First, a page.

As a primarily PC-based racing sim fan, I have not had a new championship season made available to me since the 2002 season modeled in EA Sport's final version before Sony acquired an exclusive license with Formula One. I won't bore you all with my feelings regarding the consumer unfriendly practice of exclusively licensing entire professional sports leagues, but I do find it somewhat ironic, in a Karmic sort of way, that it is EA Sports that got excluded. As they say, live by the sword, die by the sword.
I found it quite easy, though, to set aside my distaste this industry-wide affront to free market competition when offered the opportunity to spend a few days with a loaner PS3 and a copy of Sony's Formula One Championship Edition. This was a chance to see how well the state-of-the-art console racing sim compared with what have traditionally been the far more robust PC versions. My expectations going in were that I would be impressed with the graphics and sound, but not so much with the car physics, AI behavior, and controllability. I also expected at least a rudimentary car setup "garage," but nothing as extensive as those found on the PC.
I won't try to enhance your suspense by holding my judgment close to the vest: I was right about the graphics and sound, not really right yet not really wrong about the physics, completely wrong about the AI drivers, and partially wrong about controllability. If you're a bottom-line kind of buyer, all you need to know is that it is a very good, and in some ways truly innovative, Formula One sim for the PS3 that is definitely worth having, but it does not yet meet the standards of a PC-based ride.
Ok, now that the folks with short attention spans are gone, we can get down to the nitty-gritty. Everyone likes to know about the graphics first, and in this case I'm happy to oblige. Viewed on a 56" HD through an HDMI cable, they are superb. My first in-car view, looking through the simmering exhaust gases rising from the line of cars sitting in front of me on the starting grid, was breathtaking. When I later set up a race on a rainy day, the rain drops on my racing helmet's visor and the blindingly thick rooster tails of water trailing the speeding cars in front of me were nearly panic inducing. I was also impressed to note that my tires had been changed from the grooved dry weather tires to heavy rain tires by my attentive crew and that the difference in tire type was easily visible. The wide screen of the big TV gave me a panoramic view that added to the sense of actually sitting in a car. The liveries of the opposing teams' cars were crisp and detailed, which of course offered the benefit of my never having to doubt exactly who it was that I had just rear ended or cut off. Of course, in the PC world there is always a piper to pay when it comes to stellar graphics, and I was curious as to how well the PS3 would hold up under the harshest test that I could think of: a full field of highly detailed cars at the extremely polygon-voracious Monaco Grand Prix. The short answer: with remarkable aplomb. Not a single stutter. Wow.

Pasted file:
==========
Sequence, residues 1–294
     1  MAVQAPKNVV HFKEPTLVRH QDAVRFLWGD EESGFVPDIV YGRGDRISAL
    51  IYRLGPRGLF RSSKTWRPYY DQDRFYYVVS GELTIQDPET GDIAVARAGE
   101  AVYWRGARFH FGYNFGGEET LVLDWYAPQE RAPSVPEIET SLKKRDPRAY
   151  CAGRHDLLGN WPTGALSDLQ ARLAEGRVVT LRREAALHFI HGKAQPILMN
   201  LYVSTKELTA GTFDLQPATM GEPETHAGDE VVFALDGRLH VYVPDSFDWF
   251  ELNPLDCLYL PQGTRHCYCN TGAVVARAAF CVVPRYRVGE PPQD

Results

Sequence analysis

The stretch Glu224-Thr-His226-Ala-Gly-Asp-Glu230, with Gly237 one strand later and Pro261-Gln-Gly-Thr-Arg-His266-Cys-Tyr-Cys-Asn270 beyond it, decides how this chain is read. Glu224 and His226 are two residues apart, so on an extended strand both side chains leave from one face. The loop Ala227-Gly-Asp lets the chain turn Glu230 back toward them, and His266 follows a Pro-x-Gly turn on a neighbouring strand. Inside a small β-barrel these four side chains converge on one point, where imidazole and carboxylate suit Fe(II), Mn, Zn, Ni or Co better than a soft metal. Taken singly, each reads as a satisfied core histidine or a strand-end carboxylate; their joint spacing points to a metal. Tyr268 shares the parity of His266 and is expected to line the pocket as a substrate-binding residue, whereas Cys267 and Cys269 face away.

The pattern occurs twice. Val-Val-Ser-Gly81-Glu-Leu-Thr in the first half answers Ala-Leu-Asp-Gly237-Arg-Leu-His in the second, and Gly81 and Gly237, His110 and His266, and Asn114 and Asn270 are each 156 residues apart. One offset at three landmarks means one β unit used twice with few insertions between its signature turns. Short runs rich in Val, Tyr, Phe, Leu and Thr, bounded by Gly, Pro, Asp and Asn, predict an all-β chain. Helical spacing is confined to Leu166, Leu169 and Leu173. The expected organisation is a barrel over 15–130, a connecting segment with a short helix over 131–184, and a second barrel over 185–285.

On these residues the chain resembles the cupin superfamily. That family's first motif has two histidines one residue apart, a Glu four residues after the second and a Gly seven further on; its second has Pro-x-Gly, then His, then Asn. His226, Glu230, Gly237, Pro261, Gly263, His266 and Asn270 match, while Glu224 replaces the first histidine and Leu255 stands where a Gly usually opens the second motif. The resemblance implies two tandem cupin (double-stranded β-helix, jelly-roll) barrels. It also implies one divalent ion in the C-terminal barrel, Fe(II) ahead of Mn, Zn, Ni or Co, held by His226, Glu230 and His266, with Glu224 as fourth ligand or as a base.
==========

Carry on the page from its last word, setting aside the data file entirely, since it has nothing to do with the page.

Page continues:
As I mentioned above, the great graphics were beneficial in letting me know who I had crashed into. This segues nicely into a discussion of the damage model. For those who like it short and sweet, it is way cool. If I were trendy enough, I'd even go so far as to say it's the sickest (no, you old fogies, I did not intend to say 'slickest' - trust me, they really say 'sick' when they mean 'keen', 'nifty', or 'neat-o.' Go figure.) damage model I've ever seen. In my various accidents, ranging from calamitous multi-car kerfuffles to solo impalements on solid, inanimate objects, I saw wings shattered and flying through the air, wheels knocked off but restrained by the steel cable wheel tethers mandated in Formula One, and wheels knocked off with such force that no law made by the all-powerful rules committee of Formula One management was strong enough to overrule the laws of physics. It would be embarrassing to admit that I spent quite a bit of time deliberately causing wrecks because I was so enamored with watching the pieces/parts flying everywhere, so I won't. But I wouldn't exactly be offended if you were to accuse me of it, if you know what I mean.